This website uses cookies to ensure you have the best experience. Learn more

Chapter 1 Analysis Of The Great Gatsby By Fitzgerald

1511 words - 7 pages

Chapter 1 Analysis of The Great Gatsby by Fitzgerald

The Great Gatsby- this title is merely an adjective or epithet for the
main character of the story, which brings about the importance of
characterization in the book. Fitzgerald has a rather unique style of
characterization in his writing- especially in this book. His use of
irony, strong diction and symbolism plays a significant role in
conveying his certain ideologies about the people of this certain era,
and the embodiment of the "great American dream".

The eye of the story- Fitzgerald's weapon of observation is Nick
Carraway. This character is established as a neutral narrator of the
whole ...view middle of the document...

He can be quite rational about Gatsby and makes him quite attractive.
He peculiarly gives the impression that he dislikes Gatsby, "who
represented everything for which he has an unaffected scorn." He then
modulates it in his next lines, where he gives a somewhat two-sided
opinion of Gatsby. This illustrates a dichotomy or duality- a split.
In terms of Gatsby, the important dichotomy is between the public and
private persona. Accordingly, the duality of J Gatsby is revealed
through the centrality of Carraway.

"If personality is an unbroken series of successful gestures, then
there was something gorgeous about him."

Carraway negatively continues, but towards the end of this quote,
there is a sort of irony in the word "gorgeous". This word as a very
strong effect as it has a powerful and emotive vibe or meaning to it,
which brings about the idea of contradiction to what Carraway is
describing. Hence his opinion is slightly two-sided. We get the
impression that Gatsby is somewhat pretentious and superficial.

Carraway oscillates in his descriptions of Gatsby. Fitzgerald uses
this technique for the implication that he is not much more than
attractive physical presence at this stage. Carraway starts of by
having an "unaffected scorn" for him, and then begins to say that he
is, or was unique. The ideal of a "creative temperament " was used to
convey signs of weakness in Gatsby's character; the myth of Gatsby's
story was recognized at the end of this paragraph, and it is
illustrated that what happened to Gatsby closed off Carraway's
interest in the human condition. Fitzgerald does this by creating a
sense of sympathy with emotive language and imagery in his writing- it
was "what foul dust floated in the wake of his dreams that temporarily
closed out his interest…" This conveys Carraway's nihilistic
statement, giving into the concept of 'nothingness'.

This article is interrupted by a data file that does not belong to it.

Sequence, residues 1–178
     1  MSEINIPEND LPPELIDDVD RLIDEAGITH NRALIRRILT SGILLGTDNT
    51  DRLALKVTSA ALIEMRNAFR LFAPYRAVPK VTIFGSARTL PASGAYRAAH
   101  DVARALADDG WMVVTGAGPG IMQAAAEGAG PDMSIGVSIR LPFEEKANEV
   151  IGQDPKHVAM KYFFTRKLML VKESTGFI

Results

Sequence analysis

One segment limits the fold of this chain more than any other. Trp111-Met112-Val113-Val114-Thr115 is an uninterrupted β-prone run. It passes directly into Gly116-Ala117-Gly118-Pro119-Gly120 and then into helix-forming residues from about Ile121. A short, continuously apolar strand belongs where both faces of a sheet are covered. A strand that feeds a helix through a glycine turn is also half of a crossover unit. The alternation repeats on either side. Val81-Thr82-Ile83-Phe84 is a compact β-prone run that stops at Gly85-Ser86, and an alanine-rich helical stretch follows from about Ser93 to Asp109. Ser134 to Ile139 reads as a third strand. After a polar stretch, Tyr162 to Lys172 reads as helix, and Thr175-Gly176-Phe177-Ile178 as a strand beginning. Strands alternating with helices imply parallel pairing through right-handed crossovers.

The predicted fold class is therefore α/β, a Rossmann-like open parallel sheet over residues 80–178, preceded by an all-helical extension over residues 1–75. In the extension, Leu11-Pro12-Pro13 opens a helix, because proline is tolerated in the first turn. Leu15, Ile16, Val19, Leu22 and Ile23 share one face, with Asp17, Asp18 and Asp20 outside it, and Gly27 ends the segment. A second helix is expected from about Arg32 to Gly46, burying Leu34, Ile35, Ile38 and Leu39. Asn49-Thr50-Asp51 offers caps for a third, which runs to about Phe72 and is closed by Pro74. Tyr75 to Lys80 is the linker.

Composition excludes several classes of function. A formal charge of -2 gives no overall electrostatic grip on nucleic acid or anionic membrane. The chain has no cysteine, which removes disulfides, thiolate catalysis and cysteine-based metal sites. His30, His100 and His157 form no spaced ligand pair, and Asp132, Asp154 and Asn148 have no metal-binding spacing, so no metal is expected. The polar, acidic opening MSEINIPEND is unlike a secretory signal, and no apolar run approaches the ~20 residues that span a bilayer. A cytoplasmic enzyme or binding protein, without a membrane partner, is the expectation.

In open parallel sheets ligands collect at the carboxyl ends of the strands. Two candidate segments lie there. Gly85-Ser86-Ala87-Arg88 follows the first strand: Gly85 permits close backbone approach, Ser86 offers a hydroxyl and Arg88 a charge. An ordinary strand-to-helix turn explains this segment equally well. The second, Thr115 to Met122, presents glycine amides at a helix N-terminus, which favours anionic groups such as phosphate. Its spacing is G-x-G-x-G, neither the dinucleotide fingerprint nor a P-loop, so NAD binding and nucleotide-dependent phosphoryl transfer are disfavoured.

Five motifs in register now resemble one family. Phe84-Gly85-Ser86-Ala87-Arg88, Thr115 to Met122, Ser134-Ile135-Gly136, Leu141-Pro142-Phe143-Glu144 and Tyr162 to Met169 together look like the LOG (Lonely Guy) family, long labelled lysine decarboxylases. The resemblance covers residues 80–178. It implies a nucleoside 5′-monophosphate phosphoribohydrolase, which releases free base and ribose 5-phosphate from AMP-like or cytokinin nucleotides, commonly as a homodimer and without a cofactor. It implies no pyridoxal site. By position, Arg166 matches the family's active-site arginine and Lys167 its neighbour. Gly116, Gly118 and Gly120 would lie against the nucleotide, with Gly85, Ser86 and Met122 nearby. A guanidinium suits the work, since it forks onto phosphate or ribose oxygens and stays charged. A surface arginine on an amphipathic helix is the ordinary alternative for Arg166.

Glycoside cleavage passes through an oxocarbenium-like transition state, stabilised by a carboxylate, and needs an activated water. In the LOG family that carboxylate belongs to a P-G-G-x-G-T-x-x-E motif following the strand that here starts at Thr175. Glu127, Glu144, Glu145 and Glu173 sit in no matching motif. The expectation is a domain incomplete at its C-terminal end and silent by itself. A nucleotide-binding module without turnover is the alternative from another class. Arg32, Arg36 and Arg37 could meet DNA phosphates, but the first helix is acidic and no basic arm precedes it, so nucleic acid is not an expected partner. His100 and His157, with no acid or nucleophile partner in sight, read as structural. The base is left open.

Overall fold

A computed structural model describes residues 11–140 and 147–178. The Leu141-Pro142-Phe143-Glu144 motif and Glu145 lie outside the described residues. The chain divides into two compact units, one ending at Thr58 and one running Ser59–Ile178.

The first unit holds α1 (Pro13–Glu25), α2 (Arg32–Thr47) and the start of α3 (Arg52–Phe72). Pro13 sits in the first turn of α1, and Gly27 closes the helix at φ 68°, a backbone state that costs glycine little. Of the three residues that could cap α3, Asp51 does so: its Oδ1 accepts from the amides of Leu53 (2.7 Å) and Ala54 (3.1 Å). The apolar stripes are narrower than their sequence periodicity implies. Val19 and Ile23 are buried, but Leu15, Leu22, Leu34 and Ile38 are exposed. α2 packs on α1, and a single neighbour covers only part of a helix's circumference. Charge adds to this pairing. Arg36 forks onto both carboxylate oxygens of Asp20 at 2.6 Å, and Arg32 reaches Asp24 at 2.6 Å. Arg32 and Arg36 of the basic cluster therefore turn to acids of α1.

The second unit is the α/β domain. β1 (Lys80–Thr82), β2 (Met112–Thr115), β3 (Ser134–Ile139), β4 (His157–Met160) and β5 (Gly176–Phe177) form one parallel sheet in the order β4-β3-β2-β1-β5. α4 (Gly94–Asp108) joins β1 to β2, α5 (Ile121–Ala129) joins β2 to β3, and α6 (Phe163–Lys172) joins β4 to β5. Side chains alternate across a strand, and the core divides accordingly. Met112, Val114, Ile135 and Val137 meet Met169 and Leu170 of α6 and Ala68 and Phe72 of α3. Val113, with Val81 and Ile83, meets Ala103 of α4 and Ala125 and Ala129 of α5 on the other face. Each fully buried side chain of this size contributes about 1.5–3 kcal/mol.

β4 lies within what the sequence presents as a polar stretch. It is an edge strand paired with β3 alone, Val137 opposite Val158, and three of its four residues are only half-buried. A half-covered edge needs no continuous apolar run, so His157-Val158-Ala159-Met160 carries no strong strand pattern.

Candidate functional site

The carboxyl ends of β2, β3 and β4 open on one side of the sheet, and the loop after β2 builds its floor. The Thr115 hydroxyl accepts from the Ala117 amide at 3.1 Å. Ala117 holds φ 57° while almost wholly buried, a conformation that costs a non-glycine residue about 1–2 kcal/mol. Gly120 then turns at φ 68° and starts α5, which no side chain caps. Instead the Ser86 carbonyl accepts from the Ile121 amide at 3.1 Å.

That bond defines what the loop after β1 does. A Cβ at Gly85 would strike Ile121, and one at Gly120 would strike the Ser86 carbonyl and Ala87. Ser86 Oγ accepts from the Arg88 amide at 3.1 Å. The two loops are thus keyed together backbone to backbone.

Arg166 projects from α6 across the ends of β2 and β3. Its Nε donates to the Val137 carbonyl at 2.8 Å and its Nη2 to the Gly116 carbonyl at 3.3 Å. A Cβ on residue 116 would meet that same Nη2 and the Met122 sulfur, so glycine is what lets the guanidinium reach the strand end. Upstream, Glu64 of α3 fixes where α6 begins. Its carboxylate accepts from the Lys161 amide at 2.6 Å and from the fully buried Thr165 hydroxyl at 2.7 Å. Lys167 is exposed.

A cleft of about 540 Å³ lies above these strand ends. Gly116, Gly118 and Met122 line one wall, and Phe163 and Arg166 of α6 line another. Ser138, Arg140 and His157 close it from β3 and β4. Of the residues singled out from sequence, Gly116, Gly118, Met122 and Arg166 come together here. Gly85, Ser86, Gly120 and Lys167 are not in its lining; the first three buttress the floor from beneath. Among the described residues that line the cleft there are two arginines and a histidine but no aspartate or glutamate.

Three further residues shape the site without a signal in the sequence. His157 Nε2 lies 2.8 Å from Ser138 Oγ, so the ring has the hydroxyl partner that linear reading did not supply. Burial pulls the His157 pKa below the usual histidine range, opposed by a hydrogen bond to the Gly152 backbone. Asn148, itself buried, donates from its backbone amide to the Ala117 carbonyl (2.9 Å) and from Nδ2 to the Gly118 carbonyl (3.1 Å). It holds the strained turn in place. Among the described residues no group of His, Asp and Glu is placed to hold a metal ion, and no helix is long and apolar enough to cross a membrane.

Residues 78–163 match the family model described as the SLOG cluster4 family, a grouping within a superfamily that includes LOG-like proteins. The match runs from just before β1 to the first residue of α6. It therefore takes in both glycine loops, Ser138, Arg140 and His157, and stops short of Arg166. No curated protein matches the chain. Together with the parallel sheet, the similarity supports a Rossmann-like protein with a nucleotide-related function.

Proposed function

It is anticipated from the first few paragraphs of the book, that the
main theme of the book is Gatsby's presence and his power of
challenging Nick's outlook on the world. We soon find that Gatsby
isn't what he initially appears to be. Behind his money and vulgarity,
Nick sees his personality as "gorgeous".

It is also exposed that money is a major theme in the novel and it
represents America and materialism in the twentieth century. This
leads to the relationship of the Buchanans to their social position,
which is very different compared to Nicks; regardless of the fact that
they both come from the same elite background. Fitzgerald creates an
invisible line of diversity between them with the symbolism of the
areas in which they live in. Carraway lives at West Egg- whereas the
Buchanans live at East Egg. These opposites represent the diversity of
their ways of life. Carraway's character seems to be more
down-to-earth,...

Other Essays Like Chapter 1 Analysis Of The Great Gatsby By Fitzgerald

The Great Gatsby By: F. Scott Fitzgerald

595 words - 3 pages In F. Scott Fitzgerald's The Great Gatsby, there are many symbols used. Symbols are objects, characters, figures, or colors used to represent abstract ideas or concepts. Symbolism plays a key role in this novel. Without symbolism this novel would have no real plot or theme. There are five main symbols that are used predominantly in The Great Gatsby: West Egg, East Egg, The Green Light, The eyes of Doctor T.J. Eckleburg, and the Valley of

How Does F. Scott Fitzgerald Tell the Story of the Great Gatsby at the End of Chapter 3?

938 words - 4 pages Write about some of the ways that Fitzgerald tells the story at the end of Chapter 3 Fitzgerald tells the story through Nick Carraway, the narrator and a character in The Great Gatsby. His use of literary techniques involves the reader effectively and tells a story so finely that it is arguably one of the best-written novels of the 20th century. At the end of Chapter 3, Fitzgerald reveals further general context about Nick: our intra

In Chapter 8 of the Great Gatsby

1075 words - 5 pages In chapter 8 of The Great Gatsby, F. Scott Fitzgerald divides the narrative into three narrative frames. In the first narrative frame the story centres around Gatsby’s story of how he met Daisy, as retold by Nick, the narrator. The second narrative frame involves Nick going about his business in the city and ending his relationship with Jordan. The third narrative tells more of the aftermath of Myrtle’s death, Wilson’s determination to seek

The Intrinsic and Extrinsic of 'the Great Gatsby' by Scott Fitzgerald and the Portuguese Sonnets of Barret Browning

887 words - 4 pages . Ethical and moral justification emerges in ones actions often leading to infatuation and obsession in order to achieve society’s expectations. This is predominantly exposed within the texts “The Great Gatsby” by Fitzgerald and “Sonnets from the Portuguese” by Barret Browning. Within the Victorian era individuals were bound by strict moral code. This impacted the way literature was written evident in Barret Browning’s poems. Deontological ethics